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For Joseph Mulongo, receiving a new tablet means communication is no longer a struggle.

Tablets make life easier for Central Conference delegates

By Crystal Caviness

Joseph Mulongo, a pastor and district superintendent in the Democratic Republic of the Congo, used to walk for miles just to look for an Internet connection. Mulongo is a member of the United Methodist Commission on the General Conference, but he couldn’t get information about the commission’s meetings without access to email.

For Mulongo, receiving a new Samsung Galaxy Tab 4 changed many things in his life from how many miles he walks daily to how heavy his luggage is when he travels. “Everything is in one tablet,” Mulongo said. “Not heavy. Simple to carry, simple to use.”

Mulongo, who chairs the delegation from North Katanga area to the 2016 General Conference, is one of a dozen Central Conference delegates who received a tablet from the Commission as part of a pilot program launched in October 2014. The tablet was preloaded with the United Methodist Book of Discipline, the Bible and General Conference documents. It also includes a SIM card to allow for easy connection to cellular wireless access so he can quickly download new materials as they are transmitted electronically.

Moving from pilot program to full implementation, the Commission on the General Conference voted April 24 at its final meeting before General Conference 2016 to provide tablets to all Central Conference delegates.

Delegates at a disadvantage

The tablets will enable the Central Conference delegates – who come from outside the U.S. and will make up 42 percent of all General Conference 2016 delegates – to receive documents electronically, at the same time as other delegates, while also providing a communication device.

In previous General Conference years, Central Conference delegates would receive the proposed legislation via reams of documents, and sometimes within a short time prior to departing for the 10-day event. Although the General Conference Commission, in cooperation with the United Methodist Publishing House, strives to make all reports available by a minimum of 90 days prior to General Conference, delivery to Central Conference delegates can be delayed by customs and spotty or slow mail delivery in some countries.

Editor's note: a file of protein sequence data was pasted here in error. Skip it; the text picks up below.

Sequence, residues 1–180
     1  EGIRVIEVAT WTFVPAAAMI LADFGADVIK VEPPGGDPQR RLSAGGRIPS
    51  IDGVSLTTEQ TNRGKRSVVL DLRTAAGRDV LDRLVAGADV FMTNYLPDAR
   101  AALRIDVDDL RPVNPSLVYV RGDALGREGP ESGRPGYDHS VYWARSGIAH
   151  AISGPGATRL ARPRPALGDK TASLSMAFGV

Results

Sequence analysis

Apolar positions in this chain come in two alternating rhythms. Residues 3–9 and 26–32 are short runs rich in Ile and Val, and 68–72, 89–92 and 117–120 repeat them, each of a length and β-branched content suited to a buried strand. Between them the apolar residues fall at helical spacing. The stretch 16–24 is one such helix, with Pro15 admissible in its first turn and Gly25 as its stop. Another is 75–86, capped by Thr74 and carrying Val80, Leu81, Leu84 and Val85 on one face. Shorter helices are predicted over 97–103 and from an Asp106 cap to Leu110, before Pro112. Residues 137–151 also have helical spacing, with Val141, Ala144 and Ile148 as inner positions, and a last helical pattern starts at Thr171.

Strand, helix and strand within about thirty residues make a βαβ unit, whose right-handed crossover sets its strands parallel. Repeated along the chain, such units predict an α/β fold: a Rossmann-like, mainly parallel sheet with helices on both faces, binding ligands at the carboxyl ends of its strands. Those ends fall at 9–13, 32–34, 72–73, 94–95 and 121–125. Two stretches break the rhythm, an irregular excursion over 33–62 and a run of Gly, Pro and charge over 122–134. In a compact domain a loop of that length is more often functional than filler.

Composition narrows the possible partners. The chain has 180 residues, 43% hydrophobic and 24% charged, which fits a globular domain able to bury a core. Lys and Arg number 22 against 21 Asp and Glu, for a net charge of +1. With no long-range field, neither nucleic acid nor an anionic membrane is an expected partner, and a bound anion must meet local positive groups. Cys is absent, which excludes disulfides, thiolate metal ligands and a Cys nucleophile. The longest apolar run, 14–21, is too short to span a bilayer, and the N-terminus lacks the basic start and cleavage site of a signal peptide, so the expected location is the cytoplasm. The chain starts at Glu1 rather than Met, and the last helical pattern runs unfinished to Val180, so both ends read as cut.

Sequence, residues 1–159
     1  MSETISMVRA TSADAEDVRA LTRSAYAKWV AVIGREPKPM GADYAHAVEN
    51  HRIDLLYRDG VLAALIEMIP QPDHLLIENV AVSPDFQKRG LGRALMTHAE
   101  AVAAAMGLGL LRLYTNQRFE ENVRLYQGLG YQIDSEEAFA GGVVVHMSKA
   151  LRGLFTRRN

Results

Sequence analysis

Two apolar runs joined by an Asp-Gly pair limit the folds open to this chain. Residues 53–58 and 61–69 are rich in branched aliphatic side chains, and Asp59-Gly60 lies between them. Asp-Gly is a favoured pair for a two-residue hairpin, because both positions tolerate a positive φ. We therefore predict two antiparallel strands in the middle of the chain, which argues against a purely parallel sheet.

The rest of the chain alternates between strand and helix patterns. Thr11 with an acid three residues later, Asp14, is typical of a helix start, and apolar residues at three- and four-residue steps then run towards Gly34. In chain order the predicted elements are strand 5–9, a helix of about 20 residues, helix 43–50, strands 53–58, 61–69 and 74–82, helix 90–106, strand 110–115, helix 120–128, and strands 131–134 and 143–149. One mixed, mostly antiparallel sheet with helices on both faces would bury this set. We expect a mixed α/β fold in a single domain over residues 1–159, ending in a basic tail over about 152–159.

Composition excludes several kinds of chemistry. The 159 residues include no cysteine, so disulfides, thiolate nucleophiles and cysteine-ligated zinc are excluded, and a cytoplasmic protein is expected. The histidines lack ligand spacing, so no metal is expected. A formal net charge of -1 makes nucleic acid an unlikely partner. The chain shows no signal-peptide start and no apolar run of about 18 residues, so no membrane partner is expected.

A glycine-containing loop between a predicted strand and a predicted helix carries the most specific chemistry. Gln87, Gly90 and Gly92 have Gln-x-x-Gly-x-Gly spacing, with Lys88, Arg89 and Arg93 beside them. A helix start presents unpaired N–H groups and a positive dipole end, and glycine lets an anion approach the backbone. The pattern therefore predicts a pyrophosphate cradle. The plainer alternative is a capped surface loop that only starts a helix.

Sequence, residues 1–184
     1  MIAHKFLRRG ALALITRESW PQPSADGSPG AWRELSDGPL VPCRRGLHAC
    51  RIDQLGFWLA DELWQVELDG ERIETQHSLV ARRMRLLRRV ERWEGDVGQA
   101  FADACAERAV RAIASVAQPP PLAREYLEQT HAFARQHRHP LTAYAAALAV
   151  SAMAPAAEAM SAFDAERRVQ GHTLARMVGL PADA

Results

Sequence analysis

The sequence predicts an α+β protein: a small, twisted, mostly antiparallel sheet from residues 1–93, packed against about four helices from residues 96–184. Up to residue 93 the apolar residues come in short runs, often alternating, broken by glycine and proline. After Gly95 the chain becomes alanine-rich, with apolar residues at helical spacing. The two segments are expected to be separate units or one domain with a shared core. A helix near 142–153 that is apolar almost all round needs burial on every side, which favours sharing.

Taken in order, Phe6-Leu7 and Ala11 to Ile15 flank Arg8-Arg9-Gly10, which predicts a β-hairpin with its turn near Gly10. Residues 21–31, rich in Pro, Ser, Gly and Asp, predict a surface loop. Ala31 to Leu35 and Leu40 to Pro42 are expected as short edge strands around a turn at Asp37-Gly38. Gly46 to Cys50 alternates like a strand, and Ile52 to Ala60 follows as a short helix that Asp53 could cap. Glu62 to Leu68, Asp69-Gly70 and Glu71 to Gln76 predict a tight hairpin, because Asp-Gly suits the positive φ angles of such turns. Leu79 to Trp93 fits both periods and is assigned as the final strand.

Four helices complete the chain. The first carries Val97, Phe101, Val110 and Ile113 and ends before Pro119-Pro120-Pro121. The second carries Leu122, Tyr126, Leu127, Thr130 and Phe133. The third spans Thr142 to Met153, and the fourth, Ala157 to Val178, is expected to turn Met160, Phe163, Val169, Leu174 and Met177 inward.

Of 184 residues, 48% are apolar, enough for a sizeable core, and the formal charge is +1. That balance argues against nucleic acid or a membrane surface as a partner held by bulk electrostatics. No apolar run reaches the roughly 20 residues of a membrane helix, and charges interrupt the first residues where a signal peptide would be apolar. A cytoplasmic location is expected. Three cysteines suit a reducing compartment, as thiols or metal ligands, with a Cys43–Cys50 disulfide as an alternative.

Having the necessary documents pre-loaded onto the tablet means that packing volumes of proposed legislation into their luggage doesn’t use up their entire weight allowance.

Mulongo clearly understands what this means for delegates.

“Imagine for someone who is going for the first time to General Conference, the time to read, the time to pack – it was a challenge.”

Living into the digital age

Leaders at United Methodist Communications will be involved with purchasing and distributing the Samsung tablets, as well as training Central Conference delegates and coordinating help-desk support during General Conference 2016. Distribution is expected to begin in October.

“This is an exciting opportunity,” said Sherri Thiel, interim chief executive of United Methodist Communications.  “This is just one of the ways that technology is transforming the way the church communicates.”

Also, during General Conference, tablet owners will have the ability to communicate more easily with their families and churches back home than in the past.

Central Conference delegates will be allowed to take the tablets home after General Conference, although the tablets will remain the property of The United Methodist Church.

“We are not restricting how people use them,” said Danny Mai, technology director at United Methodist Communications. “The goal is to use it for communication. We are providing people a way to connect with the global network and to talk with other brothers and sisters inside the church regarding the issues that are impacting the church,”

The applications, Mulongo said, extend beyond local and regional uses to the worldwide church.

“I think the global connection is strengthened by this device,” Mulongo said.

Choosing the best fit

United Methodist Communications’ IT Department reviewed many devices before selecting the Samsung Galaxy 4 tablet, Mai said. Factors they considered included pricing, durability, ease of use and weight.

Because of the potential for harsh environments, they searched for devices that would work well in different environments, as well as a battery that would charge quickly and hold its charge for a good length.

The Samsung Galaxy 4’s 7-inch size is a good size for reading, which is a main purpose for the selected tablet. Although the pilot tablets included a SIM card for Internet access, the tablets distributed to all the Central Conference delegates will include a MiFI device, a portable cellular Internet router that will allow the tablet to connect.

Getting up to speed

In order to maximize the tablets’ use, United Methodist Communications will train delegates prior to General Conference. Training currently is planned for Central Conference delegates in early 2016 in Manila, Philippines; Harare, Zimbabwe; Abidjan, Cote d’Ivoire; Kinshasa, Democratic Republic of Congo; and Samara, Russia.

To learn more about using technology for global good, attend the Game Changers Summit 2015, being held September 17-19 at the Opryland Hotel in Nashville, Tennessee. ICT4D leaders from around the world will discuss and demonstrate the latest technologies, with panels, breakout sessions and a technology fair offering opportunities for one-on-one conversations.